In short, there is little or nothing to recommend this album musically. On merit, this has to rate among the least interesting major releases by a major artist in rock history.

Knowing this in his heart, Springsteen of course is not counting on MUSIC to sell this thing. See, he’s making a Major Statement about the 9/11 attacks. After all, he’s the self-appointed spokesman for the working class- and by gummy, firemen are working class. He’s much like Al Gore in this regard- though even Al Gore would likely have come up with more interesting attempts at songwriting than this.

Indeed, Springsteen has become a politician instead of an artist. He speaks for his audience- not himself. None of this album comes across to an objective listener as the heartfelt personal reaction of an artist. Rather, these are the carefully calculated and extremely predictable responses of a politician looking for votes. What can I say to express my sympathy, without saying anything controversial to cheese anyone off? Note how he carefully doled out a couple of minor compliments to the president during pre-release interviews on the “thoughtful” way he has conducted the war in Afghanistan- the precise little gesture to appease anyone put off by his typical and well known tired moderately liberal political beliefs.

I’m not even accusing Springsteen of dishonesty. I could appreciate a little cynical marketing. No, far worse, you can practically hear the gears whirring inside his head as he figures out his stance and talks himself into believing it. Give me the real and uncalculated if simplistic feelings of Toby Keith’s “Angry American” any day.

I cannot in good conscience review this album without calling him out for the gross immorality of the song “Paradise.” It is a sad, gentle acoustic ballad detailing the last thoughts of a suicide bomber. A sympathetic look at these petty life-hating monsters, ascribing them decent human character is a DISGRACE. Perhaps he will follow it up with a nice song about the internal angst of a guard at Auschwitz as he herds some Jews into the oven. Placing this amongst the songs about the heroic firefighters is to piss on their memory by the equivalence.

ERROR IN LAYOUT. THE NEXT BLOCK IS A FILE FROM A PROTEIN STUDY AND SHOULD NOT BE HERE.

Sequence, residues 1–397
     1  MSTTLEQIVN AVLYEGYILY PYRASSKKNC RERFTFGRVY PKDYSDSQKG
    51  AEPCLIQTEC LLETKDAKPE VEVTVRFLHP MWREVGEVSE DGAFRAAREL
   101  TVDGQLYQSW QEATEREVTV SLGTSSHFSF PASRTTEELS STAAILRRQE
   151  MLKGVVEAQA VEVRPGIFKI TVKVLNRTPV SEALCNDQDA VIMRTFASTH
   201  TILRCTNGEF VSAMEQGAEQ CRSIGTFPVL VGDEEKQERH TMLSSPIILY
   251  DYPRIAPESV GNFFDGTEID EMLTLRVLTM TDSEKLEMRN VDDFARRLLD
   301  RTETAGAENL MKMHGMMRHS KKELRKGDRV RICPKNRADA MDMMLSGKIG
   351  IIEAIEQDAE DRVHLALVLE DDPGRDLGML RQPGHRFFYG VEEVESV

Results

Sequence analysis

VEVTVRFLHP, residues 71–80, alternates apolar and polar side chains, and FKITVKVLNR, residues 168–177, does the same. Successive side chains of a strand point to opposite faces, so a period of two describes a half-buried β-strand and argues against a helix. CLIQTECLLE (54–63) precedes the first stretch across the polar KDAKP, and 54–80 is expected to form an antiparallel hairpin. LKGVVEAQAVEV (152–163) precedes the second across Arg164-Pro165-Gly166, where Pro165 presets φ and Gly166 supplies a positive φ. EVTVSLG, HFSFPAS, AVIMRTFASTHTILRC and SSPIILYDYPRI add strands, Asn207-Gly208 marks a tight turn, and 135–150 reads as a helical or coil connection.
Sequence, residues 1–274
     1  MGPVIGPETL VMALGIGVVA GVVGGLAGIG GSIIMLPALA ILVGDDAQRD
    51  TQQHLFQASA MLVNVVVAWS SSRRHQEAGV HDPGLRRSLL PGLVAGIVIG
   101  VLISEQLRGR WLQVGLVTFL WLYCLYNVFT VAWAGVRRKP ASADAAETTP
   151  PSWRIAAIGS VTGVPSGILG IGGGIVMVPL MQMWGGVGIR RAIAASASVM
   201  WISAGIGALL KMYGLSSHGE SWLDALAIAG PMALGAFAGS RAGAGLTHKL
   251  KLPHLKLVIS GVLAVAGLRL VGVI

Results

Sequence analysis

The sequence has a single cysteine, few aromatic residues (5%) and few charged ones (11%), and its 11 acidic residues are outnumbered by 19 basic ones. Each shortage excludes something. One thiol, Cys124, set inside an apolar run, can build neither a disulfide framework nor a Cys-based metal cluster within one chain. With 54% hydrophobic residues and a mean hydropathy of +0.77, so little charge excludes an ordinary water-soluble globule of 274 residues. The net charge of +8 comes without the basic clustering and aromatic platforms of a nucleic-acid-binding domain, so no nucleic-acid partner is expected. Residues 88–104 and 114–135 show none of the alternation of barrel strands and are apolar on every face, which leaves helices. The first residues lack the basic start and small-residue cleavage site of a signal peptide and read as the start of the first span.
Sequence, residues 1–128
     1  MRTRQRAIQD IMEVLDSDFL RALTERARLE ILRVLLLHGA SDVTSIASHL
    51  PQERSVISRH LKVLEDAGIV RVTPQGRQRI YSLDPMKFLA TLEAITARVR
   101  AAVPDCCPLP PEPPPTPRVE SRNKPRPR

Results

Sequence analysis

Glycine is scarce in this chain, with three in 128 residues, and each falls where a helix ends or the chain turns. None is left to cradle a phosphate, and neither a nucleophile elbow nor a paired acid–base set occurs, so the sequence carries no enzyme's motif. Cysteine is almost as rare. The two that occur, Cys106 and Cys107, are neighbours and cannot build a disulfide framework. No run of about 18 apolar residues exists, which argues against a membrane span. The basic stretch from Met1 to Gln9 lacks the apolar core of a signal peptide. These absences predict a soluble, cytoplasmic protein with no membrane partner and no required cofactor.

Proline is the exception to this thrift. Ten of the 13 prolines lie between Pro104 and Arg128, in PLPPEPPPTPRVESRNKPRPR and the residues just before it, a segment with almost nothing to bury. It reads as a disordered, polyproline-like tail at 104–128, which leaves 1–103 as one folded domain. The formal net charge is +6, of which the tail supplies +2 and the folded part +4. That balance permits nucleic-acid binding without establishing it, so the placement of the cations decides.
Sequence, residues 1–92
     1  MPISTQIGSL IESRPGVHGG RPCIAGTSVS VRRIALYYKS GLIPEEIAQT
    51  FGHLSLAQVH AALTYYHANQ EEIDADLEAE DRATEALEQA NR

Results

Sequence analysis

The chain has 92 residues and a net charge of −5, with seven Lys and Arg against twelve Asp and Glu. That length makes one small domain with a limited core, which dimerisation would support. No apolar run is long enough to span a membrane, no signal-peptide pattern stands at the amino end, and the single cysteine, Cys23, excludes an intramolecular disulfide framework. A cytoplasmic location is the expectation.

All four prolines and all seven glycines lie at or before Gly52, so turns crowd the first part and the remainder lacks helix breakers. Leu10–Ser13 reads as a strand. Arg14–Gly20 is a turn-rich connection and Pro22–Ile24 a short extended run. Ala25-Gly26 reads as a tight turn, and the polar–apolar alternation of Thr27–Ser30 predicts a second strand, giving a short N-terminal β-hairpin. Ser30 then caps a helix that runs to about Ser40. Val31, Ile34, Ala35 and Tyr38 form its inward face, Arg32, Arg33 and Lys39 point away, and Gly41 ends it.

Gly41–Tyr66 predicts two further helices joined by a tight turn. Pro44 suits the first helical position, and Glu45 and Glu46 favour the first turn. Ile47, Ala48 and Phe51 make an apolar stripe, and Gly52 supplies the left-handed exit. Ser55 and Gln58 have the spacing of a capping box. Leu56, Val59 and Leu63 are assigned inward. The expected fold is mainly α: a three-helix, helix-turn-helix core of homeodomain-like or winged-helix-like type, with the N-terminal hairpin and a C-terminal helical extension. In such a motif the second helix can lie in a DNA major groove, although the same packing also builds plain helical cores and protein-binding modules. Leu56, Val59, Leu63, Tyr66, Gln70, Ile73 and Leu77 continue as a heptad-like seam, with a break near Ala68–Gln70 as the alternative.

You could find no more direct example of the wickedness of liberal multiculturalism and moral equivalence. Worse, the song is such a passionless, hookless rote expression of the proper PC posture that you most likely won’t remember it five minutes later. The pure blandness of the song keeps it from generating even the heat of outrage.

Yeah, the record sold pretty good for a week or two- but but there were no actual hit songs. The record just made no impression on pop radio despite the fearsome corporate marketing, and it’s already dropping like a stone. At some future point, this album will be rightfully regarded as a black mark on Springsteen’s career, a crass and exploitative cash in by a has been latching on to a national tragedy.

When Springsteen appears on tv saying this is one of his best albums, it is understandable. Hey, he’s got a record to sell, and he has to psych himself up for a big tour. Anyone not on his payroll who says such things, however, is a damned fool.

For more on Bruce see here, here, here, here, and here. Okay, two more.